Female Embodiment: “A woman’s body is a place where decisions are made for her”
Standing in front of a row of five paintings, four of them featuring a woman while the other one was a canvas of eyes, Phaving Phung beamed with pride.
The theme of her exhibition at a pub in Phnom Penh was “Female Embodiment”.
A teacher, self-taught artist and self-proclaimed feminist, Phung began painting in late 2017. Since then she has painted a series of paintings, covering many themes related to human experience, particularly feminism.
Inspired by Paul Gauguin and Frida Kahlo, she uses striking colors to capture emotions and translate them onto the canvas. Because of the emphasis on personal experience and emotions, she finds that painting can be difficult.
“Some of the paintings were painted when I was processing deep-seated anger,” she explains.“While it offered relief afterward it was also very exhausting.”
Like many children, Phung was fascinated by drawing and coloring. However, she did not think that she was talented and never thought of pursuing a career in art. This changed when she found it difficult to channel her emotions.
“Over the past year, I went through quite a tough time, in terms of my relationship with my loved ones, my struggle to exist as I am in this patriarchal society. Those were heavy feelings. I talked to people about that and quickly realized that words are simply limited.”
“To confine human experience and emotion to words can be difficult sometimes. So I turned to painting. I initially paint to process my emotions; it’s an outlet for whatever is inside you to flow and take shape on a canvas.”
Phung also hopes to inspire the new generation (two thirds of Cambodia’s population are under the age of 30) not only to pursue an artistic career but to take up activism and feminism, which has not yet really taken hold of Cambodia.
“It doesn’t just have to be about feminism. You can use arts to address many other sociological problems as well. I don’t know if my exhibition has inspired others or not but I think others, particularly women, may be able to relate to the theme.”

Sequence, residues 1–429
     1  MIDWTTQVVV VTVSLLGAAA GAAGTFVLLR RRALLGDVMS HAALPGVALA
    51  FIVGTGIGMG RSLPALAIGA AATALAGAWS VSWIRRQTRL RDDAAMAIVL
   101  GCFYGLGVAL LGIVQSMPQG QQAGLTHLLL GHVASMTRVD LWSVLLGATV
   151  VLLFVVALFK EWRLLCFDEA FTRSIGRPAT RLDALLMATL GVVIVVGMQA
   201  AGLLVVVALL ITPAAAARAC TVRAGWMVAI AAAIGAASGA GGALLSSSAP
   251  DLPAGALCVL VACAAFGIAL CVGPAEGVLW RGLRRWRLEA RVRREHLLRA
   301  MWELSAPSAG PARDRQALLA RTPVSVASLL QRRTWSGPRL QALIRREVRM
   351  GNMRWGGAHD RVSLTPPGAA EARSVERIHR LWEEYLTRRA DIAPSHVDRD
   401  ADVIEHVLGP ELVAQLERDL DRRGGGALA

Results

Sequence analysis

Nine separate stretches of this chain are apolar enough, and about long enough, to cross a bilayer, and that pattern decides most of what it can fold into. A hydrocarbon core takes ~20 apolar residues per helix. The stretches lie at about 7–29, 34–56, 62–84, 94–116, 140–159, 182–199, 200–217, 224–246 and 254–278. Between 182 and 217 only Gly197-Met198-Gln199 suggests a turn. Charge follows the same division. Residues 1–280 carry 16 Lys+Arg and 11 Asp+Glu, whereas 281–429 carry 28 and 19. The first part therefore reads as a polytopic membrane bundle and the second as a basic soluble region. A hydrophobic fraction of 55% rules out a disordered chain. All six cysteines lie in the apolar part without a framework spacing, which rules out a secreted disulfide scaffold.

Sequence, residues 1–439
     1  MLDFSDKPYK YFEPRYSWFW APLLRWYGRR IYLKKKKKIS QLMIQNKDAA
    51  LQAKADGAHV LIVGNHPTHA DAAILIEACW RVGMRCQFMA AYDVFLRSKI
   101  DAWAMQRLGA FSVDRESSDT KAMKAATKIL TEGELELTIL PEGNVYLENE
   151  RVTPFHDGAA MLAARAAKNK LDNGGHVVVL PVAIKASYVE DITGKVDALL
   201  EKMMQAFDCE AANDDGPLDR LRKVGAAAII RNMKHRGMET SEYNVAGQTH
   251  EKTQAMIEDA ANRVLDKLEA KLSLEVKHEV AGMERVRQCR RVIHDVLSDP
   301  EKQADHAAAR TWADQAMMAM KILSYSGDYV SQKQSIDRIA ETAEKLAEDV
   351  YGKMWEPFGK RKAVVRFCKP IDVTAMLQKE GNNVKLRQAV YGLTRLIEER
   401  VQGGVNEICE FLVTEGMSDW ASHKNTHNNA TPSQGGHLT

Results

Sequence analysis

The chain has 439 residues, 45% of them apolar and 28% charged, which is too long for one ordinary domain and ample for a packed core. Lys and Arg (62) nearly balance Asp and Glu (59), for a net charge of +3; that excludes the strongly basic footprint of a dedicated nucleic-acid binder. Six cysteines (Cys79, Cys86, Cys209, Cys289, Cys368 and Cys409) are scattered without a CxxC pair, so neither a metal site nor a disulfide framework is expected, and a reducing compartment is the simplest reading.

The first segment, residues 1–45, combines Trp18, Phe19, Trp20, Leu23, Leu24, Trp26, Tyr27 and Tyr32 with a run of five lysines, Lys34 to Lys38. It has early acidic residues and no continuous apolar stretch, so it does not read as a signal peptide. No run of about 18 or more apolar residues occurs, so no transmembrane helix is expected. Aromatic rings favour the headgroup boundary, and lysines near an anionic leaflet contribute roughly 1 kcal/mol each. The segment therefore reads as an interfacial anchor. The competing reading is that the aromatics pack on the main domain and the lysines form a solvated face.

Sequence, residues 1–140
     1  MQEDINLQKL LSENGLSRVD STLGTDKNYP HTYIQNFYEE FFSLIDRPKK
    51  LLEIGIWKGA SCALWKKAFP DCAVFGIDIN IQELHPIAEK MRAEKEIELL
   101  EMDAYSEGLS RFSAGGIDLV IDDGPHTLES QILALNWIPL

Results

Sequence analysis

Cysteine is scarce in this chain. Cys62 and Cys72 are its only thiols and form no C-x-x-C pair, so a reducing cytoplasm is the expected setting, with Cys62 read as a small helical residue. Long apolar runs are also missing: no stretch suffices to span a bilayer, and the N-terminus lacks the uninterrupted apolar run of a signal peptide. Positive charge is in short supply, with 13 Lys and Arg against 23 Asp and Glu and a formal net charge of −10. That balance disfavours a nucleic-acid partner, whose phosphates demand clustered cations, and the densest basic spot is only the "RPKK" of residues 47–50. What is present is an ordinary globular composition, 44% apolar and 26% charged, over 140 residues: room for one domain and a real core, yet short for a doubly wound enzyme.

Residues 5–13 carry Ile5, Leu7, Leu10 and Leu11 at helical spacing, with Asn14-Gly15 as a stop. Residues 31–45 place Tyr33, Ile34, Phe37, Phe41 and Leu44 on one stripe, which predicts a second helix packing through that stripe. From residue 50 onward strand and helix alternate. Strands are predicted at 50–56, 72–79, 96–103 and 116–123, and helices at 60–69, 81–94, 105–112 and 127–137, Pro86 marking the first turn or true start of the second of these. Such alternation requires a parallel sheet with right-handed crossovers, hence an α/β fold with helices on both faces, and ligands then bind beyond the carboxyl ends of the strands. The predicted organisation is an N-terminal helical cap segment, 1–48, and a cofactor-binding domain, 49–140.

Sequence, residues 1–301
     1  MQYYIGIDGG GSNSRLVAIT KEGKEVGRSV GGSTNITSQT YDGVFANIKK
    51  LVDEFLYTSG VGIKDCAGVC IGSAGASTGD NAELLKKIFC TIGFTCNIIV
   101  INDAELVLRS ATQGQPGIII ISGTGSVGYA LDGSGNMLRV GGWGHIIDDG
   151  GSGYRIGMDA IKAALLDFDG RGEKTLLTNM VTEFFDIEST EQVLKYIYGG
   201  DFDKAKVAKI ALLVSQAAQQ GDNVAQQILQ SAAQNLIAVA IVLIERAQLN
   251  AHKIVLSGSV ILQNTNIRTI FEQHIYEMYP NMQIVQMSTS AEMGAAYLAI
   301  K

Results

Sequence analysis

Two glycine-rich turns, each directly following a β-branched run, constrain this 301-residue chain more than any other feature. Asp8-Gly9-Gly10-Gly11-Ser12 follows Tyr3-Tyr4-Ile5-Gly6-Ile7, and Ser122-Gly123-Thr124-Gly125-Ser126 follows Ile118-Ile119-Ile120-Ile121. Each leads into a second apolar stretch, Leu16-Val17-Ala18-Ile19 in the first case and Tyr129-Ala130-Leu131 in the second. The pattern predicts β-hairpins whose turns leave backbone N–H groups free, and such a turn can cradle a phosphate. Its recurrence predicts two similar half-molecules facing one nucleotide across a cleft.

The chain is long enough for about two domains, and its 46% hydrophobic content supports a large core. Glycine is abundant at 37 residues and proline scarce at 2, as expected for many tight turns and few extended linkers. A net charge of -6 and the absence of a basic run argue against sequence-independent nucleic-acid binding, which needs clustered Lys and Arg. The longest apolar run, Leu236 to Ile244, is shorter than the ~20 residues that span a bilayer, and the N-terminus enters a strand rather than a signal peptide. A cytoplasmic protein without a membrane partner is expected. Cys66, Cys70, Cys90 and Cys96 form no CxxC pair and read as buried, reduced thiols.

“’Female Embodiment’ examines the cultural ideals that are imposed on the female body. In this society, women are still struggling for autonomy over their own bodies. In certain parts of the world, women are still fighting for abortion rights.”
The debate about female bodies is ongoing all over the world – who ultimately decides what a woman does with her body?
“A woman’s body is a place where decisions are made for her, whether she should have children, look a certain way, etc. But Female Embodiment is more than just bringing to the surface the inequality that women experience; it’s about the act of reclaiming back our bodies, to free our suppressed emotions and to live fully as human. It’s about a call for unity and an alliance to fight patriarchy.”
Gesturing to a peculiar painting of a woman portrayed as a tree with robotic limbs, which Phung named “An Old Tree”, she said it was one her favorites. She said that it depicted deep-seated ideas and traditions that society plants in women.
She said that she had tried to “unlearn what she had learned” by painting the woman in the piece.
Describing her painting process as a “cathartic experience”, she explained that she had channeled rage in another favorite of hers called “The Gaze”, a canvas full of eyes that came to life as she was trying to process her experience of harassment.
Finally, she quoted Frida Kahlo as saying: “I paint my own reality. The only thing I know is that I paint because I need to, and I paint whatever passes through my head without any other consideration.”
Author: Catherine V. Harry (act)
Date18.07.2018 | 15:05
TagsCambodia, Female Embodiment, feminism, Fida Kahlo, Paul Gauguin, Phaving Phung, Phnom Penh, women's rights